In Bumpers v. Community Bank of Northern Virginia, plaintiffs were borrowers who obtained mortgage loans from the defendant. Plaintiffs alleged that they each paid loan discount fees that were “a one-time charge imposed by the lender or broker to lower the rate at which the lender or broker would otherwise offer the loan [to the borrower].”
However, plaintiffs contended that they did not in fact receive discounted loans.
Plaintiffs filed suit and asserted claims under North Carolina’s unfair and deceptive practices statute (N.C.G.S. § 75-1.1). Specifically, plaintiffs alleged that they paid loan discount fees, but did not receive discounted loans. Plaintiffs also alleged that the closing fees charged by defendant were unnecessary and unreasonable.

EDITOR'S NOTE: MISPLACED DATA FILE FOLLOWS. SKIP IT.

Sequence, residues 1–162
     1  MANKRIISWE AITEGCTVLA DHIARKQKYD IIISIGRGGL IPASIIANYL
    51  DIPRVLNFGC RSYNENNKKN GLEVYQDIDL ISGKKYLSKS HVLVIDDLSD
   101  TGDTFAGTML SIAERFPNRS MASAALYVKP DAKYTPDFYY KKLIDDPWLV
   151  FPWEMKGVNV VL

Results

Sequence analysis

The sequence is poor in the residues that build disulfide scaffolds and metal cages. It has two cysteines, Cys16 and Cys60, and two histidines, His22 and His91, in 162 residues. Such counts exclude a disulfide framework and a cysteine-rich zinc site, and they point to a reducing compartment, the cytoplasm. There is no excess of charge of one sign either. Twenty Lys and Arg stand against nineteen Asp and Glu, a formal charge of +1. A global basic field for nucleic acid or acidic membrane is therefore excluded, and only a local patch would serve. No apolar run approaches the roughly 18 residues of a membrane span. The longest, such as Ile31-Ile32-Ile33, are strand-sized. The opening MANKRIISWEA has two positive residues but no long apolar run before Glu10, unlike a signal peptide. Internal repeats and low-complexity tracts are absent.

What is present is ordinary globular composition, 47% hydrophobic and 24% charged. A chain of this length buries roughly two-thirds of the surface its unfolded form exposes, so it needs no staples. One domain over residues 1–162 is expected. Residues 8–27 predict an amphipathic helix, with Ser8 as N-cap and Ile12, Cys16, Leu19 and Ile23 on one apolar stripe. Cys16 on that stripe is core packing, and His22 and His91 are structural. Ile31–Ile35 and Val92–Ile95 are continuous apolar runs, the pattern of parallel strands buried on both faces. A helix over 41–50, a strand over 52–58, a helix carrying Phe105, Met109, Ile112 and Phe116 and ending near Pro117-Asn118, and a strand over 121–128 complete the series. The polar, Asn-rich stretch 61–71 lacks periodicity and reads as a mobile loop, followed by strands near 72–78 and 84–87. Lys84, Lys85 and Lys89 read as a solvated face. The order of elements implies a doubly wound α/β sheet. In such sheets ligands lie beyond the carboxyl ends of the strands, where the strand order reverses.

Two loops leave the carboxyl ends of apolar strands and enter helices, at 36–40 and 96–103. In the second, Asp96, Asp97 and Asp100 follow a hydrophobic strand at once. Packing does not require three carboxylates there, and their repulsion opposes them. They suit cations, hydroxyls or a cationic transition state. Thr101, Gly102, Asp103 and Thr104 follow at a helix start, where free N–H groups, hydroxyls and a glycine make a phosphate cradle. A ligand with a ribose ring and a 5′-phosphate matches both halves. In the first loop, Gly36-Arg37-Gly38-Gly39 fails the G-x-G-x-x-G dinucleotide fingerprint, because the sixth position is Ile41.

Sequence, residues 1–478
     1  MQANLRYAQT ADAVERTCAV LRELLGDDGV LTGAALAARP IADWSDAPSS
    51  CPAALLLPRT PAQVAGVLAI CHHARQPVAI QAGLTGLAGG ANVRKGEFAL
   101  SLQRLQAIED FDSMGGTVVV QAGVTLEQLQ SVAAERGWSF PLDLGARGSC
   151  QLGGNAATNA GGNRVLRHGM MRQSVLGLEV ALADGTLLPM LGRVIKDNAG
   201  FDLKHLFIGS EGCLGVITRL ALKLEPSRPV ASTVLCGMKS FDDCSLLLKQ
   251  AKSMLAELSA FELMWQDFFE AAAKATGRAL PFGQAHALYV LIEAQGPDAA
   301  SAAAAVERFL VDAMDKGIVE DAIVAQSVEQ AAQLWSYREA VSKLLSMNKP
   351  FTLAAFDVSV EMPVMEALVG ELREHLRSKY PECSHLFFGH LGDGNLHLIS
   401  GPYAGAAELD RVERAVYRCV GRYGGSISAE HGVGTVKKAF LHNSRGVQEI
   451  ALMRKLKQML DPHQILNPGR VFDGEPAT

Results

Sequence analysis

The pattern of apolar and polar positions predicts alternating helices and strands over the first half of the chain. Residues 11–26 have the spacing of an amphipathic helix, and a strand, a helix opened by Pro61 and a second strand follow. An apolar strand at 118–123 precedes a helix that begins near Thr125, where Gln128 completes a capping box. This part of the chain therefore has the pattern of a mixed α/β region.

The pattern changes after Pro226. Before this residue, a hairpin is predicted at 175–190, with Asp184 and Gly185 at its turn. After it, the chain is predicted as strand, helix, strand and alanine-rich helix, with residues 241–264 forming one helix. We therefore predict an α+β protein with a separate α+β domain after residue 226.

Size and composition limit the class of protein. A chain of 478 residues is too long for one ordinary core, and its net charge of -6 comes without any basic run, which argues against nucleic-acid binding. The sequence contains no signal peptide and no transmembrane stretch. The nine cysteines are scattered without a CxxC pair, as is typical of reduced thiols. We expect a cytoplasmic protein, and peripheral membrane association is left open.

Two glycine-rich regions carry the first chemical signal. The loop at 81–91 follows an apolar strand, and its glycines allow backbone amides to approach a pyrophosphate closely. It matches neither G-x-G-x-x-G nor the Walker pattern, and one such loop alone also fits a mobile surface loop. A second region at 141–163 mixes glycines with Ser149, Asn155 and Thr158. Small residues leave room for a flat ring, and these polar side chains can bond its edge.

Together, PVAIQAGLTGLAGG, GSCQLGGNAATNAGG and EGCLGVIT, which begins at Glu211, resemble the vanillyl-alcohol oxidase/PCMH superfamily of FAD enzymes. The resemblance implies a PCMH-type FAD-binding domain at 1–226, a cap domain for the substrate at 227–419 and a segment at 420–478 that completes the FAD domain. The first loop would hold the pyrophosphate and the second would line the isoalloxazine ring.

In its opinion, the Court reviewed the scope of section 75-1.1 which states that “unfair or deceptive acts or practices in or affecting commerce are declared unlawful.” The statute is “broader and covers more than traditional common law proscriptions of tortious conduct, though fraud and deceit tend to be included within its ambit.”
The Court held that a claim under section 75-1.1 arising from a misrepresentation requires that a plaintiff show detrimental reliance on the misrepresentation. In other words, “if it were not for the misrepresentation, the plaintiff would likely have avoided the injury altogether.” The Court further held that the closing fees paid by plaintiffs were “not so high as to run afoul of section 75-1.1.”